How has GST Impacted The Real Estate Sector in India
How has GST impacted the real estate sector in India
Real estate sector in India has always witnessed a topsy turvy path when it comes to builders, buyers or government. Where one side buyers have mostly been jittery investing in ‘soon to be launched’ projects, builders have tried their best to woo their targeted audience by implementing flamboyant marketing strategies. Amid all this business, government bodies have always maintained their firm grip on the real estate ecosystem by executing various mandate rules and policies. One such implementation came to light when GST (Goods and Service Tax) was rolled out by the government on July 1, 2017. Sectors including retail, FMCG, healthcare and even real estate came under the GST web. This move by the government was booed by few, but appreciated by many. There was no doubt that the move was an effort to transform India with its ‘One nation, one market, on tax’ principle.
Real estate is one of the key sectors of the Indian economy. In fact it is the largest employer in the economy after agriculture, contributing an average of 5-6 percent to the GDP, a contribution that is predicted to grow at a compounded annual growth rate (CAGR) of 30 percent over the next 10 years. According to statistics, real estate sector will be worth an astounding $180 billion in revenue by 2020. If we look at the past, the real estate industry was entangled in dispute due to vagueness in provisions as well as multiple taxations. Of that matter, GST is predicted to simplify taxation compliance and have a positive impact on the industry as a whole.
Now let’s see how GST impacted various parties involved in the real estate sector:
Impact of Investors and Real Estate Buyers
Under the earlier stated law, buyers were supposed to pay taxes depending on the construction status of the property i.e, whether the property was under construction or complete. When a buyer use to purchase a property, he/she was subjected to pay VAT, service tax, stamp duty and registration charges. Properties bought after completion were exempted from VAT, and service tax, and only stamp duty and registration charges were payable. Moreover, the state where the property was located was taken under consideration because VAT, stamp duty and registration charges varied from state to state. As per a straightforward understanding, GST is a simple tax that applies on the overall purchase price. All properties under construction will be charged at 12 percent of the property value. This surely excludes stamp duty and registration charges. For completed properties, the earlier provisions will continue and buyers will not be paying any indirect tax on sale of ready-to-move in properties.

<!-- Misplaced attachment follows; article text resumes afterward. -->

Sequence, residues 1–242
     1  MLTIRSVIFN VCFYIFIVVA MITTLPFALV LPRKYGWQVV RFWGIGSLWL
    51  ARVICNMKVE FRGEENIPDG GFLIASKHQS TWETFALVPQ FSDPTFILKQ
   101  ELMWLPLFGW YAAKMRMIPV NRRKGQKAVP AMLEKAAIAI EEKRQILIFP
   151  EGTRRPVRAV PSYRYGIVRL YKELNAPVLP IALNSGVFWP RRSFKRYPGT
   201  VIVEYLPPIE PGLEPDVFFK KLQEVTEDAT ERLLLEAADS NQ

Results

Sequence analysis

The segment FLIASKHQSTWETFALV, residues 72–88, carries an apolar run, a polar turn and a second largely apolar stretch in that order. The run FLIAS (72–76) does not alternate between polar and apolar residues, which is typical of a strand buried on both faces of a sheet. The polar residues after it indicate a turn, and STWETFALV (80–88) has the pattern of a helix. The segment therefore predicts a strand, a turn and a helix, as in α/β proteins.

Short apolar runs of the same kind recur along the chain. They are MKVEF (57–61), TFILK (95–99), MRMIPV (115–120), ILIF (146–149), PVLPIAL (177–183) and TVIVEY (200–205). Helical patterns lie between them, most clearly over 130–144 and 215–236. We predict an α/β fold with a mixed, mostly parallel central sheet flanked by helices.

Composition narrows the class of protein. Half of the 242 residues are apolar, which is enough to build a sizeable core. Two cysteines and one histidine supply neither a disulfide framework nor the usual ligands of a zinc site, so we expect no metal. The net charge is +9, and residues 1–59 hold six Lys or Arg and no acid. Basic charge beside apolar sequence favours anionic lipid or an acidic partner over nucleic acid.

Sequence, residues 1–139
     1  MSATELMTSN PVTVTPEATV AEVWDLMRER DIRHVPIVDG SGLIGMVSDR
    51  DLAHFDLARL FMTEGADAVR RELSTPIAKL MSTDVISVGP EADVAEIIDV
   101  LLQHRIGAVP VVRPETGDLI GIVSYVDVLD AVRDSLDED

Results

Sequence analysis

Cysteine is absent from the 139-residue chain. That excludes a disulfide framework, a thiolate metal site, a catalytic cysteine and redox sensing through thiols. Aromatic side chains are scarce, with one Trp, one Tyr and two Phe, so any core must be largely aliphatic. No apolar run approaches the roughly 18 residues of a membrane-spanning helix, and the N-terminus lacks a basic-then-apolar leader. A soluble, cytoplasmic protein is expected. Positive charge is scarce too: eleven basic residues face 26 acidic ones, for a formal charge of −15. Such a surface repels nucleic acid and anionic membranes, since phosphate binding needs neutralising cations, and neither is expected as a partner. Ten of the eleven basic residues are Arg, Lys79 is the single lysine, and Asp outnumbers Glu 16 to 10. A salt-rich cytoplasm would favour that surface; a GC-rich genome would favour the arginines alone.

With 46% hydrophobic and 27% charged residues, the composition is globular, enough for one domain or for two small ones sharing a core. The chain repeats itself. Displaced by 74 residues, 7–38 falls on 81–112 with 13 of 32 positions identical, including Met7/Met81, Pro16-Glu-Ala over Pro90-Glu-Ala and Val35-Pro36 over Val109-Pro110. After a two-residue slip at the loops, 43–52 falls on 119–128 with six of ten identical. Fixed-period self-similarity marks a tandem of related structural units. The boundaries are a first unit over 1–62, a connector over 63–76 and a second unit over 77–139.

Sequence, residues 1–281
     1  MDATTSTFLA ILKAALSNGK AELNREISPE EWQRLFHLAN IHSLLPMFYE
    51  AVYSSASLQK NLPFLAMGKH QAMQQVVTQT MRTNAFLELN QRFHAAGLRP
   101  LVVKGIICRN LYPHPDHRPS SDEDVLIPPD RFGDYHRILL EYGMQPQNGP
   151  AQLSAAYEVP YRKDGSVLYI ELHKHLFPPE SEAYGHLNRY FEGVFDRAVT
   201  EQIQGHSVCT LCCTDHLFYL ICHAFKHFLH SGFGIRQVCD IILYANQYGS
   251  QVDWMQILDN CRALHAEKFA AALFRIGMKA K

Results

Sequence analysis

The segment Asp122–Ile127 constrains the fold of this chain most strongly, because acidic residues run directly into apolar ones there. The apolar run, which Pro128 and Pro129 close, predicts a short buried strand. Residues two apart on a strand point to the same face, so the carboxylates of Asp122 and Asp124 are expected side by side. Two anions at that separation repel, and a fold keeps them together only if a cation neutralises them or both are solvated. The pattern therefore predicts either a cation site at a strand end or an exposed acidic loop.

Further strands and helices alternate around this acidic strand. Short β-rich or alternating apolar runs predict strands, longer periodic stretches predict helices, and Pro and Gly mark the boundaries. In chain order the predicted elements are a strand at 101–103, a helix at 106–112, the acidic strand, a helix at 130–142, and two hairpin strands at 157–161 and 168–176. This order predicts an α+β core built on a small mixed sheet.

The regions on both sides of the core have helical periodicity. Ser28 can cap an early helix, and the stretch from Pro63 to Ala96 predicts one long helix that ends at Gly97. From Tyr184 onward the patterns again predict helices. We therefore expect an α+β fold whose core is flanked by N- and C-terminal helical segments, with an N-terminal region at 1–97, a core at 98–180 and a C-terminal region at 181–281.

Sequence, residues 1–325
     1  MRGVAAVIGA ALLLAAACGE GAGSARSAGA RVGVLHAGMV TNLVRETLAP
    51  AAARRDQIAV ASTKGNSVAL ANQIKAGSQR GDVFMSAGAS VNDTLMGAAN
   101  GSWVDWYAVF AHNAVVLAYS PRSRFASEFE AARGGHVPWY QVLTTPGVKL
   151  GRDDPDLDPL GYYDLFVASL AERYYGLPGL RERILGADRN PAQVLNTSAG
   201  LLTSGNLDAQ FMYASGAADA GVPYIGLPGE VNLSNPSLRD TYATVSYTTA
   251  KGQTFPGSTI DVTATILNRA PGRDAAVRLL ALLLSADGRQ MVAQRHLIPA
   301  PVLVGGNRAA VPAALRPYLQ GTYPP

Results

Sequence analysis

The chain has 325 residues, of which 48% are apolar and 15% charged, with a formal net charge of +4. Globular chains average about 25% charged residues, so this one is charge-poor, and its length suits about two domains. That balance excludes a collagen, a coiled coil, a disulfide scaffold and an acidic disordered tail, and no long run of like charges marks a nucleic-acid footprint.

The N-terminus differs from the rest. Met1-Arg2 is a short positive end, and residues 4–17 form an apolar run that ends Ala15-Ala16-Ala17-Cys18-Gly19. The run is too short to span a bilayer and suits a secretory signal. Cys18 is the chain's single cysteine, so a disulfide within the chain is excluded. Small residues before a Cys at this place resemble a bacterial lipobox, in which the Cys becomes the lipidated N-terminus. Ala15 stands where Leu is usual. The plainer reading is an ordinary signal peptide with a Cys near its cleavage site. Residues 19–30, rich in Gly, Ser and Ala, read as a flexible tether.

Impact on Developers
In the past, developers were accountable to pay central exercise duty, VAT, custom duty, entry taxes etc on construction material cost. They were also supposed to pay 15% tax on services like architect fees, approval charges, labour, legal charges etc. Eventually this tax burden was transferred to the buyer. However, according to the new regime, the charges in the construction costs are not as difficult. As an example, we can say that cement will now be taxed at the rate of 28% under GST. However, this is higher than the current average tax rate, which is approximately 23-24 percent, but many additional taxes charged over the average rate will now be included within GST guidelines.
Other than this, the decreased cost of logistics will give way to reduction of expenses as well. The input tax credit will also assist in increasing profit margins. A developer will be enabled to take input credits on the sale of property under construction against the taxes that are paid by the buyer. All this is surely expected to bring down the cost of the project for the developers and further developers will have to hand on the benefits of the price reduction to the buyer. Prior to GST, a mammoth percentage of real estate project expenditure went unrecorded. GST will for sure cut down this percentage by cloud storage of invoicing. On the other hand, the real estate sector will also benefit with the new tax law, having a positive effect on all subsidiary industries since this sector has a kindling demand for more than 250 supplementary industries.
Urgent Need of Automation
Taking the new compliance challenges into account for the real estate industry under GST, businesses will need to bring appropriate changes to their IT systems in order to be GST compliance ready. Moreover, the Real Estate (Regulation & Development) Act 2016 will steer an altogether new need for automation.
Automation will also provide a huge pool of benefits, including timely compliance, comparison of reports, report generation, decision making, cost effectiveness with reduced staff and more.